When does the next season start? View all 7 comments. Oct 18, Samantha rated it it was ok Shelves: zombies , dystopian , horror. If you have read "The Rise of the Governor" or are current with "The Walking Dead" graphic novels then the ending of this book is in no way surprising. The whole book felt like Robert Kirkman rushed through it just to get another book out there to sell. The characters were kind of lame and there was some serious slut shaming going on that was off-putting.
Perhaps Kirkman was trying to identify with the ladies, but his idea of lady seems to be scared, fragile angel or slutty, pothead-prostit Meh. Perhaps Kirkman was trying to identify with the ladies, but his idea of lady seems to be scared, fragile angel or slutty, pothead-prostitute ha! Not that the men's characters were much more evolved in this book either.
What this book does right, on the other hand, is expertly describe a zombie battle scene. From black bile to dripping flesh I felt like I was witnessing each and every fight first hand!
The word "greasy" may have been a bit overused however, but other than that the descriptions were awesome. I'm giving it a 2 because it was just ok and not a greasy drop of zombie intestine more. View 1 comment.
Mar 21, Jim rated it did not like it Shelves: horror. This book is nominally a sequel to Rise of the Governor; I say nominally because we don't see an of the characters or plot threads from that book until this one is about half over. So in that regard, right off the bat this book disappoints.
What about in other regards? To be honest, it isn't very well-written. The characters are deeply stupid and the writing is incredibly repetitive, and that is a bad, bad combination. I lost count of how many times the narration would point out that because of This book is nominally a sequel to Rise of the Governor; I say nominally because we don't see an of the characters or plot threads from that book until this one is about half over.
I lost count of how many times the narration would point out that because of what they were doing, the characters didn't notice walkers around them and suddenly they were in danger. It just got boring and annoying after awhile, as did the poorly developed romances and sudden changes in a character's personality.
Honestly, the only reason I could give anyone to read this book is that it provides a bit of back story about some of what goes on in Woodbury And since even the back story really isn't necessary, you can skip this book entirely. May 19, Alaina rated it really liked it Shelves: horror , dystopia , fiction , sci-fi , paranormal , fantasy , may-challenge , supernatural. I definitely thought it was a lot better than the first one.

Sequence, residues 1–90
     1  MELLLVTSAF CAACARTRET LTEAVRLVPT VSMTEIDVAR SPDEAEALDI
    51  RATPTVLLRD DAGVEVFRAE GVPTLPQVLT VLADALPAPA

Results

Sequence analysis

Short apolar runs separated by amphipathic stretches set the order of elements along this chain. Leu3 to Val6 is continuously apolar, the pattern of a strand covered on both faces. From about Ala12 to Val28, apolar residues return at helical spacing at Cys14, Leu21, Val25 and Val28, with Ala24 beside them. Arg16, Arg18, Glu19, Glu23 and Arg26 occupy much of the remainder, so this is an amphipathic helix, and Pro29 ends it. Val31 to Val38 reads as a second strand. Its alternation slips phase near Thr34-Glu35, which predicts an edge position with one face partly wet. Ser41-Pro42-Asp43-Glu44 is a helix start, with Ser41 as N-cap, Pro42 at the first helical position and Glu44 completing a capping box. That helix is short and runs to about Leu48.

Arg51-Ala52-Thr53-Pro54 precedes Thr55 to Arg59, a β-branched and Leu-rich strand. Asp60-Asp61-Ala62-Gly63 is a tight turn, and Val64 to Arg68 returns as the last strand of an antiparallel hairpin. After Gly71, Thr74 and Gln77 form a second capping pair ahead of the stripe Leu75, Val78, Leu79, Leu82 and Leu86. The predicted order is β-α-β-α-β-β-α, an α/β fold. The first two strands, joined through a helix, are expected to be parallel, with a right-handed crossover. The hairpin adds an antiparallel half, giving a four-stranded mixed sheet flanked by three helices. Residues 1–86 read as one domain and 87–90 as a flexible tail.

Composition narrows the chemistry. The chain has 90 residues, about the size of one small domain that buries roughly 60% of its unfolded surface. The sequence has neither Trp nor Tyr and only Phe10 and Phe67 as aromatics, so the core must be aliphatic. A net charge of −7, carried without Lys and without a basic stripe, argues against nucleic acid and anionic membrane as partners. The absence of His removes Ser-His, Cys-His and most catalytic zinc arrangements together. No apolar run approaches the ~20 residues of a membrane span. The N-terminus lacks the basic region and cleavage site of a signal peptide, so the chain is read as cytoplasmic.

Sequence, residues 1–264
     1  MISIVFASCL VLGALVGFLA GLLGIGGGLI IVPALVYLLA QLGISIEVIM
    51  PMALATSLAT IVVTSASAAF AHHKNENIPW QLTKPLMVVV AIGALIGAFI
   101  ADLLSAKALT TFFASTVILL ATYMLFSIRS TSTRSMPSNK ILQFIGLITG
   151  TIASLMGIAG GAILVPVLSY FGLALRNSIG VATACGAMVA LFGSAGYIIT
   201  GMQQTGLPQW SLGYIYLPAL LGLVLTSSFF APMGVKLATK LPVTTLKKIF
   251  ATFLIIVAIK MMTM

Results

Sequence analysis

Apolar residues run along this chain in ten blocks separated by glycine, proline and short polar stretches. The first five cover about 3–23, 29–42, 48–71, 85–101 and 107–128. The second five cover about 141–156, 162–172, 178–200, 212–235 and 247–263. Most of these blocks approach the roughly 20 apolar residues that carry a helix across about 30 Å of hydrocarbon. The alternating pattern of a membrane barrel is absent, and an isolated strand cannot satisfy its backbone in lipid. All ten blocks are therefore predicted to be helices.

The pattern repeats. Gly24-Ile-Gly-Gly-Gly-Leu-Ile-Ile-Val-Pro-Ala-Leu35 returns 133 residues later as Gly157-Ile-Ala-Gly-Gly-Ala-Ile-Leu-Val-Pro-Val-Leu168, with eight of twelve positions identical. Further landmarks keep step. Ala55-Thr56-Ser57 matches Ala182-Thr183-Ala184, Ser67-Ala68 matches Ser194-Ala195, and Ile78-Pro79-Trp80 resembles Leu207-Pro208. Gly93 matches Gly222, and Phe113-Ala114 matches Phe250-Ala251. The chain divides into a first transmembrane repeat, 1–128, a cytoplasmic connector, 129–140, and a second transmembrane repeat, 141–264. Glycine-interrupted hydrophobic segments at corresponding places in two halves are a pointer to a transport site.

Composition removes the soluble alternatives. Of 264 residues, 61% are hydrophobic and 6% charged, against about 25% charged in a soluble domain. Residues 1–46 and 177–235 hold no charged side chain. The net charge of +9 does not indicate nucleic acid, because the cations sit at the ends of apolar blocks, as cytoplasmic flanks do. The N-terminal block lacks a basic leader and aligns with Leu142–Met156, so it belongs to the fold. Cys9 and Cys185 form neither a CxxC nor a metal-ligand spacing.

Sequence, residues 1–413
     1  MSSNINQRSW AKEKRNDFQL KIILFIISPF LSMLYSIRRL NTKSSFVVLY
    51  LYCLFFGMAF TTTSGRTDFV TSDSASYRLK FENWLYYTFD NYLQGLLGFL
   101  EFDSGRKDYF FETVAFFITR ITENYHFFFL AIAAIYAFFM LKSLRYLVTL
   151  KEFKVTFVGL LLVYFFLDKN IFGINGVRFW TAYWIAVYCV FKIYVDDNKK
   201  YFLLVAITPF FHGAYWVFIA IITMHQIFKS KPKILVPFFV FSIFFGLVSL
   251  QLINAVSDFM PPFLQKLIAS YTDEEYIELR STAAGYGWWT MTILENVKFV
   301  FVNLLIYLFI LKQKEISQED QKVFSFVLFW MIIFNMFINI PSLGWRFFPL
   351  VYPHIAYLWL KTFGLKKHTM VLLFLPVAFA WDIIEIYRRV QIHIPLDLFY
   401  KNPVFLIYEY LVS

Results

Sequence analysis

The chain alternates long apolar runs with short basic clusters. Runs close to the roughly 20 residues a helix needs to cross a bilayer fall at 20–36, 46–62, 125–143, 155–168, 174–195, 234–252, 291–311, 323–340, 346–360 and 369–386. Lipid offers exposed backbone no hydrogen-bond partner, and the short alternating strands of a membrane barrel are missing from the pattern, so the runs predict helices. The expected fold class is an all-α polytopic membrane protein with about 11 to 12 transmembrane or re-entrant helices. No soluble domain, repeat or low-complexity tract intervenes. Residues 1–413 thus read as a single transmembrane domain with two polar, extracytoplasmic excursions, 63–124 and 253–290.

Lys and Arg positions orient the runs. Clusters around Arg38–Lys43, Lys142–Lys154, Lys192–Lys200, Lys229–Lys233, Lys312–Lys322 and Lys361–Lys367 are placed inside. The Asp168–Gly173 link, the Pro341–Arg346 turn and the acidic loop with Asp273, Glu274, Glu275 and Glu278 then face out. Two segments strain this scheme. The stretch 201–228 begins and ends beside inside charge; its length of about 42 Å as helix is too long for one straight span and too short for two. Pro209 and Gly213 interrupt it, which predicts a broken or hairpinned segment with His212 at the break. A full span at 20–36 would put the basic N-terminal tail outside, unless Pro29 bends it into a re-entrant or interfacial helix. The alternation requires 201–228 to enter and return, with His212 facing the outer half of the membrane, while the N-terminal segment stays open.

Especially since it had the same narrator as before and I feel like I was less annoyed with him this time around. Probably because I was prepared for it and how he spoke..
In this story, it's about a group of people travelling to Woodbury, which is a small town with actual humans living there. Along the way, they are constantly dealing with zombies and killing them. I almost wanted to gag at some parts but was intrigued to see how this one was going to end. When we get to Woodbury we see the Governor again. Now I haven't seen every episode or season of the actual tv show The Walking Dead but I do remember when they actually got to Woodbury and how the people who lived there acted.
Even the Governor was strange to me. Yes, I still thought that when I was listening to the audio book of the first book in this series. Overall, it was a really interesting book. I haven't really been in to zombies books until this year and I find this series so fascinating. I can't decide who's more evil though: zombies or the humans? I mean the residents of this town were just something.
I didn't like everyone there but then again I felt that exact way watching the show. Even though I don't like every character I'm meeting along this wonderful series journey, one can feel bad for them.
For instance, what they are going through and how they are living can't be easy. Every day is filled with difficult decision making. I can't wait to dive into the next book. I hope they keep getting better and better.
The Road to Woodbury